In our early years, friends, acquaintances, and strangers off the street would ask what the matter was with my daughter. If they didn’t ask, their puzzled faces gave them away. It’s what people do: They study what they don’t understand. I didn’t know how to answer why Jess didn’t talk, or why she sometimes flapped her arms. I found myself volunteering information to satisfy their curiosity, but this wasn’t very satisfying for me.
If we were at a crowded event, I held Jess’ hand to hold her back. I was afraid to let go. Once she set her gaze on an object, she’d make a beeline for it, running over people in her path. She learned to escape my hold by twisting her wrist. This happened at the market. Jess saw her grandmother and ran into an older gentleman. He barked, “Watch where you are going, young lady!” He was not pleased, and I was mortified. Control was a mechanism I employed when our life was out of control. I found myself taking my little bull in a china shop to the store less and less. At least at home, she had freedom and didn’t pull me around like she did when we were in public.
Fast forward to years later. Before Jess aged out of school, we had home supports provided in the form of a life skills coach. All this time I thought I had been helping Jess, but the truth was, I was an enabling helicopter parent. For Jess to be more independent, I needed to give up control. We didn’t realize that our holding her back prevented her from going through a stage that she missed when she was a toddler. She needed to explore the world under her own terms. Unwittingly, we had prevented her from maturing (this was only one piece of the puzzle, communication was the other). Even though Jess was the focus during these coaching sessions, we were being trained on how to appropriately support her, too. As we gave Jess more freedom, the result was she stopped pulling me.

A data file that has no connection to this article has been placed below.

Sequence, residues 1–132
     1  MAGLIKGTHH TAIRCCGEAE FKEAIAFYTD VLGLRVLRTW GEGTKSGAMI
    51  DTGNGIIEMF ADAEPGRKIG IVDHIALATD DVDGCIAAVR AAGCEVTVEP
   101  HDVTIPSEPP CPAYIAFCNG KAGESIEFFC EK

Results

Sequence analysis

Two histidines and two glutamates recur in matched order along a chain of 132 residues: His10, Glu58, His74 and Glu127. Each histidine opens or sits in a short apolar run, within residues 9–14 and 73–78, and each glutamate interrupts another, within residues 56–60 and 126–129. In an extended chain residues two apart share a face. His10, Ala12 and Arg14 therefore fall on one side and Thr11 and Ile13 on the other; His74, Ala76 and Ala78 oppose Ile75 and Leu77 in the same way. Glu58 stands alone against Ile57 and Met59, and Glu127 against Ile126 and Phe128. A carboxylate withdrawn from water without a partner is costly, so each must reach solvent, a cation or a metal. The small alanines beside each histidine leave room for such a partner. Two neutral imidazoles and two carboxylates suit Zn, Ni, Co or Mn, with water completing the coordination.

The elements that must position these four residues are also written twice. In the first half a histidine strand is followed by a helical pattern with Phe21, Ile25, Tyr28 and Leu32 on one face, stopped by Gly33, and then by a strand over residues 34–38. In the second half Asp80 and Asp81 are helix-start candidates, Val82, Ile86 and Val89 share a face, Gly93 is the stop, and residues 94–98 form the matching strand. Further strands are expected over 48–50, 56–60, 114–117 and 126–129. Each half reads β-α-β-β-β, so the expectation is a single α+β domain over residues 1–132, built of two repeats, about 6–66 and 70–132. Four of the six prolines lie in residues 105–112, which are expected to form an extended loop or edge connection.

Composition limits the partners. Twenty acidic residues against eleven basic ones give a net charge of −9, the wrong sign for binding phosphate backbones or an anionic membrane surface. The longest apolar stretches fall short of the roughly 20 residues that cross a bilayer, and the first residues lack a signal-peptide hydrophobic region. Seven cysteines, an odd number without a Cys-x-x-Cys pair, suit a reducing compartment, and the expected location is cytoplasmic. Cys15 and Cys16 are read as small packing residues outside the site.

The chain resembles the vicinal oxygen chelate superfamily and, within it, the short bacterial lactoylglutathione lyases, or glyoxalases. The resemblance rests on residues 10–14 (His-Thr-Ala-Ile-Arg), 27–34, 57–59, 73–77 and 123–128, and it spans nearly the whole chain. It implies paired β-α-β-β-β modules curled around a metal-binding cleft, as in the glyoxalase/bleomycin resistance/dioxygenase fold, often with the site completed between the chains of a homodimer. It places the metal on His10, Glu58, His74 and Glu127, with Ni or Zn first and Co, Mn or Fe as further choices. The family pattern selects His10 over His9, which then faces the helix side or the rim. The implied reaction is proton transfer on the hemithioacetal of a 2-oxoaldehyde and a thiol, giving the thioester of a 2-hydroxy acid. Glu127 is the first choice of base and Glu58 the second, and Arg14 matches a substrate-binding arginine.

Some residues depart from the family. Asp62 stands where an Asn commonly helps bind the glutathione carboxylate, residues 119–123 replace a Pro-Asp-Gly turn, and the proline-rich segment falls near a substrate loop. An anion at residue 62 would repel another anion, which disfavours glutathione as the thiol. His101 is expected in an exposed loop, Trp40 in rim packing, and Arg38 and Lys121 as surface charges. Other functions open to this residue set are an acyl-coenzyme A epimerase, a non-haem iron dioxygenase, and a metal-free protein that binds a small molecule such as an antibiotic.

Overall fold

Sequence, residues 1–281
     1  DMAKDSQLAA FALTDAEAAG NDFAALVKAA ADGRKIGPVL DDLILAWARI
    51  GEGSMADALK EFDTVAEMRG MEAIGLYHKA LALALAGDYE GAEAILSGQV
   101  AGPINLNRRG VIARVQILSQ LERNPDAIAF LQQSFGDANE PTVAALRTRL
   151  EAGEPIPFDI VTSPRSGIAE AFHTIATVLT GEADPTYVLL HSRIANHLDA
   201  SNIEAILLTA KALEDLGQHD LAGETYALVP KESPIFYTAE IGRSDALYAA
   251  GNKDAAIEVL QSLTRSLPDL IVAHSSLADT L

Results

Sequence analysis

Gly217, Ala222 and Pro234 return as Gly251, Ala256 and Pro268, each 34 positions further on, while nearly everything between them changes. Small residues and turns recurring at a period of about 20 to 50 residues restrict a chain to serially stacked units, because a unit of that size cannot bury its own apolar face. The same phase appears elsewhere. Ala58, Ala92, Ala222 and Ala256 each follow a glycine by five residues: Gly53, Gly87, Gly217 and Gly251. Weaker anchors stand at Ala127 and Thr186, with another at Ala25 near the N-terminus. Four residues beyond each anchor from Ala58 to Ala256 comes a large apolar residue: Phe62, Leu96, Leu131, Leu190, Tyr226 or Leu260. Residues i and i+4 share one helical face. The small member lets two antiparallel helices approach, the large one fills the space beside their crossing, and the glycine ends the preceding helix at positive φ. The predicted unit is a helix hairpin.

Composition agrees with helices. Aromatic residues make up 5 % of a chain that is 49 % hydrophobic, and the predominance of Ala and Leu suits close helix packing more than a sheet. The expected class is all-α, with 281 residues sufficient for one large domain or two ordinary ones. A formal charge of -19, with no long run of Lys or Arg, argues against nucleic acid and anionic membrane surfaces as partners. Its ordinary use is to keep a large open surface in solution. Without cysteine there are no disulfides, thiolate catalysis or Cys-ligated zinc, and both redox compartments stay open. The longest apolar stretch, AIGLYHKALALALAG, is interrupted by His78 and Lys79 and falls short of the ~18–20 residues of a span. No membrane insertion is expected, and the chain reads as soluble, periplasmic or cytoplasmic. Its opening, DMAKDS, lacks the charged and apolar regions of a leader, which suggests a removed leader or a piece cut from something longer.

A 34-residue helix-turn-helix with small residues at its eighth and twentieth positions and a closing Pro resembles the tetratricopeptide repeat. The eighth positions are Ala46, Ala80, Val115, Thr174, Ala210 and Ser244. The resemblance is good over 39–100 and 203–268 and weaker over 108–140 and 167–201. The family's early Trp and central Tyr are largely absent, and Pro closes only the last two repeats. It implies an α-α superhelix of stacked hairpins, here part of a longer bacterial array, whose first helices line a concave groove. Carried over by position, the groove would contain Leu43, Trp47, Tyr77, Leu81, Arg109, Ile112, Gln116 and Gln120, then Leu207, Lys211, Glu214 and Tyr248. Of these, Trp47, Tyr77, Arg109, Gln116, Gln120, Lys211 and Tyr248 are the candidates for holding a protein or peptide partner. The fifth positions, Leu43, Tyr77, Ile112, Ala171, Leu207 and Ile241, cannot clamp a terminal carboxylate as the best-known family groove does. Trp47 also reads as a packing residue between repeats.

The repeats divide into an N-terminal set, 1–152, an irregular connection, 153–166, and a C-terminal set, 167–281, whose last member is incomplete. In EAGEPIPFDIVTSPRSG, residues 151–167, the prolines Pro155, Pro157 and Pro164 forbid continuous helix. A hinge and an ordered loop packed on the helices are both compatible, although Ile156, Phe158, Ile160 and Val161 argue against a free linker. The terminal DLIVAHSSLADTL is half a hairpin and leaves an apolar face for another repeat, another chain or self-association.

When the weather is cold, or if the ground is icy, we go to the mall to walk. It’s a great place to release energy, especially after being cooped up for too many winter days. Last week, Jess exuded energy from every fiber of her being. There were moments when it appeared she was about to achieve lift-off and take flight! Someday, this may happen, but on this day, her feet didn’t leave the runway. We prefer going to the mall before the stores open, but this time, we got a late start. Jess deftly weaved around people. She was completely free, and this feeling made her exuberant. As Jess moved through the crowd, she flapped her arms, which is something we hadn’t seen her do in years. After a half-hour, she became more comfortable in her surroundings. As her energy was released, her arms swung more naturally, and she walked with us instead of 20 feet ahead. Through this whole process, no one even gave her a sideways glance.
Now, as I’m watching her navigate through the mall, it occurred to me how wrong we all have been. It’s so obvious, why I didn’t realize this before? The answer long ago to all those questions should have been that Jess is a superhero. Isn’t this what you call someone who has incredible strength, defies the odds, and laughs at the face of danger? Most of the time, you can’t pick out who the heroes are when in a crowd, but I guarantee there are many that face challenges every day — we just don’t know what those challenges are.
When we were younger parents, we were much more self-conscious about Jess’ idiosyncrasies, but now we are more like honey badgers. Stare, don’t stare, we stopped caring. While we have matured as parents, awareness of her differences don’t single her out like they once had. If people do ask questions, we give them her card, which shares our blog. This has been a genius way to avoid talking about Jess in front of her and educates them. At the same time, this satisfies my frustration.
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